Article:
When you compare cannabis and social media, you can see that both of them definitely have some sort of psycho-physiological effect on the user. But which is worse?
We’re often told about the dangers of cannabis. We’re told that if you smoke cannabis as a young person, you significantly increase your risk ofs. We’re told that you’ll be cognitively less capable if you smoke before a certain age and that cannabis is a Schedule I drug, sitting right there with heroin and crack cocaine.
Of course, for those of us who smoke, we know that these claims are absolute bull***t, however, I thought that it would be an interesting concept to compare the “dangers of social media” in comparison to that of cannabis. We’ll use many of the same metrics that anti-cannabis campaigners used to justify prohibition.
The idea is to paint a generalized picture on how a massively integrated technology experience is blindly accepted and often glamorized by the very people who would throw a hissy-fit about cannabis use.
Let’s start with the first metric, age. Within virtually every legal cannabis marketplace, cannabis has an entry-level age requirement of at least 21-years. In places like Mexico, this is set to 18-years, however, this is not the norm. For most legal markets, you have to be considered an “adult” to partake of cannabis.
However, for both Twitter and Facebook, you only need to be 13-years old to essentially be exposed to the entire world. Places like Twitter even permits nudity, and while they probably have some sort of restriction on under-aged accounts, it doesn’t take a rocket scientist to bypass those restrictions.
Some might say, “13 isn’t that young to be on social media” but I’m sure the people who echo this sentiment hasn’t looked at how social media affects our brains.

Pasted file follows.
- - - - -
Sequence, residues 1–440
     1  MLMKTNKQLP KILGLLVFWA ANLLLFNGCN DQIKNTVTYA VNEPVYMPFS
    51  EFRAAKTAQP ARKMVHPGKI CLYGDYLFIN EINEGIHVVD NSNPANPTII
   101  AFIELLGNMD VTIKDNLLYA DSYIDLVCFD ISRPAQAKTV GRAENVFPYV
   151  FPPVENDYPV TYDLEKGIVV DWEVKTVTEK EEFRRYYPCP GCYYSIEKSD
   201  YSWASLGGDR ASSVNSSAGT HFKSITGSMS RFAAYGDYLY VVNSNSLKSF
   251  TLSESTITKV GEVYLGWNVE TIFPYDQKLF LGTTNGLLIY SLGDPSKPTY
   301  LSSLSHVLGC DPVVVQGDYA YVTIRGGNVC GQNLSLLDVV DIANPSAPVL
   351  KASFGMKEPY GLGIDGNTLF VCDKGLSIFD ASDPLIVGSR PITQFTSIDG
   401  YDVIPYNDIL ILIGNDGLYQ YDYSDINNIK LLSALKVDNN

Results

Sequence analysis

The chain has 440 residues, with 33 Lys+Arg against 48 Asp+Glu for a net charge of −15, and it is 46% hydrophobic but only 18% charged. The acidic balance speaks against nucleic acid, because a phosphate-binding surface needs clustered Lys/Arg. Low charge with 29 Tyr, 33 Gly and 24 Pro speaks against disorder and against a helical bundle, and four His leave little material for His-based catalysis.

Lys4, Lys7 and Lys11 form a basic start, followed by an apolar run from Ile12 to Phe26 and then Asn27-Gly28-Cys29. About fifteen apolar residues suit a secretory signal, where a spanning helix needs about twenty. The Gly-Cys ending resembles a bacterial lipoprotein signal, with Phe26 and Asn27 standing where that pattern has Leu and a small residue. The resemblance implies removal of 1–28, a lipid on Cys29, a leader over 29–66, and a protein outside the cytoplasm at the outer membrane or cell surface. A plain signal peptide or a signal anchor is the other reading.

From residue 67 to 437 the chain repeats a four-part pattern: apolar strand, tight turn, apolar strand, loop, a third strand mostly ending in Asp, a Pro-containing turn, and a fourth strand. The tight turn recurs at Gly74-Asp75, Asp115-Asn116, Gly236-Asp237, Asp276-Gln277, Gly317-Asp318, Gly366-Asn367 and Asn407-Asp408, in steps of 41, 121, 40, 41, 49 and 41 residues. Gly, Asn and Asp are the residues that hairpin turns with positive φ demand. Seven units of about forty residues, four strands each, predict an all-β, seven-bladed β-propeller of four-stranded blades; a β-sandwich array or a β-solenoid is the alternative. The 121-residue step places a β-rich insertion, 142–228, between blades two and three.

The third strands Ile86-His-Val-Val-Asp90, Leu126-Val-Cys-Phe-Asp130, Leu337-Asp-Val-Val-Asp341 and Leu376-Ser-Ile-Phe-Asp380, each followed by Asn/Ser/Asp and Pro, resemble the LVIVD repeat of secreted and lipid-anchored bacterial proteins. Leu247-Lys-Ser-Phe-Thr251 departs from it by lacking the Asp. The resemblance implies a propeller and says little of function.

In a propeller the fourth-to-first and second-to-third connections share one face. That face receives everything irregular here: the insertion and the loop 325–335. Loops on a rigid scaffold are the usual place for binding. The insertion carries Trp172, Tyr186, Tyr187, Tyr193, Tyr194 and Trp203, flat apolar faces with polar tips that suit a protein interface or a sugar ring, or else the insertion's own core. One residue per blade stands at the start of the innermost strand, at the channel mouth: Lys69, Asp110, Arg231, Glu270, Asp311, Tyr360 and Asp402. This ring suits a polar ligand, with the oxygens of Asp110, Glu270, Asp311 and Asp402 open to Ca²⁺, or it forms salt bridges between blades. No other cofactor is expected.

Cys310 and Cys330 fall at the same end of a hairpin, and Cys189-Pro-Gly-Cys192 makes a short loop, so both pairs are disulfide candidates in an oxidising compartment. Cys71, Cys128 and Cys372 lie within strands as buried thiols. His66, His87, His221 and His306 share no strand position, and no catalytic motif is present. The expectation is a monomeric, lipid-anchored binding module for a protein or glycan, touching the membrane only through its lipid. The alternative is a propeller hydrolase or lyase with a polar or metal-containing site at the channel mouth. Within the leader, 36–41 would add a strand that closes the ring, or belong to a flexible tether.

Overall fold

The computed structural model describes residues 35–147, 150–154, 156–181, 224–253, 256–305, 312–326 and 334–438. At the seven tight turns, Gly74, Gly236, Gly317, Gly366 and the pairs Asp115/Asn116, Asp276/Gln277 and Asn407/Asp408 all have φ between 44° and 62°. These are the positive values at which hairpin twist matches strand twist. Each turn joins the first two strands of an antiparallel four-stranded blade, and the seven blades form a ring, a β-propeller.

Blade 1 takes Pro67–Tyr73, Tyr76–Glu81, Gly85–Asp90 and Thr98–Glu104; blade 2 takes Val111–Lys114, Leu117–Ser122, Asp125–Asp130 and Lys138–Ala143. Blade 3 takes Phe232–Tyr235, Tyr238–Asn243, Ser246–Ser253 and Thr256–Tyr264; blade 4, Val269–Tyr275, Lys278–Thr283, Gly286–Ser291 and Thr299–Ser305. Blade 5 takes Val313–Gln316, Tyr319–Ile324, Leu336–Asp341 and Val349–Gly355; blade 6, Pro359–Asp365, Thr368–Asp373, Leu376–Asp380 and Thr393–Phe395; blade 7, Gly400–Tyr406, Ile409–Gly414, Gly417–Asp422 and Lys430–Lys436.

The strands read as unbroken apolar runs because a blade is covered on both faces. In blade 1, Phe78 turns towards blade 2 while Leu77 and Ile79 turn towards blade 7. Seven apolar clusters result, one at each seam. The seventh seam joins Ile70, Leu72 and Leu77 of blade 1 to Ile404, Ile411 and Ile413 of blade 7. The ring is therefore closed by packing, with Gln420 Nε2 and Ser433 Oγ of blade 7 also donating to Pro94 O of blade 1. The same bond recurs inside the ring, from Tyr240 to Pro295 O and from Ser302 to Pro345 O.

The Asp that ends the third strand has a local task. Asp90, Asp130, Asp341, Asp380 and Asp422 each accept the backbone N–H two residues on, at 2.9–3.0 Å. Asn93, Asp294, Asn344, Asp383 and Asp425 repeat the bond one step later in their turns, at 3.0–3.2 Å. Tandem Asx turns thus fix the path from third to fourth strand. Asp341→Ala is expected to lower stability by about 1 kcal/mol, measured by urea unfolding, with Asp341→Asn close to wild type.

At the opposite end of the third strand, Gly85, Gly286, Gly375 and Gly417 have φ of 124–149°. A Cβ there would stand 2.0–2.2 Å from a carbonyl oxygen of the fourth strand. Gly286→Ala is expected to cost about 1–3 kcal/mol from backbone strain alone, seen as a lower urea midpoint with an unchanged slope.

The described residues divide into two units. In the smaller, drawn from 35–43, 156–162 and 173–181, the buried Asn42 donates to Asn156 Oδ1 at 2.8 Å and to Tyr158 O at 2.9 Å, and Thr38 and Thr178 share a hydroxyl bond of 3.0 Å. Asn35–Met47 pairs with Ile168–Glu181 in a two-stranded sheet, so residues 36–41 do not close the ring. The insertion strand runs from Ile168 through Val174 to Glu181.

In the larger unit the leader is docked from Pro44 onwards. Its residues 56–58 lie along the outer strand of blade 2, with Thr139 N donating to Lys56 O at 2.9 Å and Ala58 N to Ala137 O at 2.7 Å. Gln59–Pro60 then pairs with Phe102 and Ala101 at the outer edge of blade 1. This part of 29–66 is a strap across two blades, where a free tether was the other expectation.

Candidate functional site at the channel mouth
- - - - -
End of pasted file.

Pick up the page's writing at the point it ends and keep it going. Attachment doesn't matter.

Physiological Effects of Social Media vs Cannabis
Cannabis interacts with the endocannabinoid system, the system that is responsible for maintaining homeostasis throughout the entire body. Phytocannabinoids bond to cannabinoid receptors which engages or disengages a particular bodily function. When you consume THC, the psychoactive cannabinoid in cannabis, it binds with CB1 and CB2 receptors, which then alters the brain function from its baseline. The euphoria you feel comes from the release of dopamine among other physiological processes.
A 2017 study commissioned by Fox News looked into how social media impacted the brain and according to some health experts. According to Dr. Tara Emrani, psychologist at NYU Langone Health:
“Facebook likes and comments activate similar parts of the brain as opioids, where each like or positive comment activates the reward system and the brain releases dopamine…arguably, the feelings/experiences of the brain as a result of Facebook likes or comments is similar to those resulting from cocaine, albeit less intense…In addition, opioids have other significant negative effects on the brain, including shrinkage of grey matter and loss of memory.”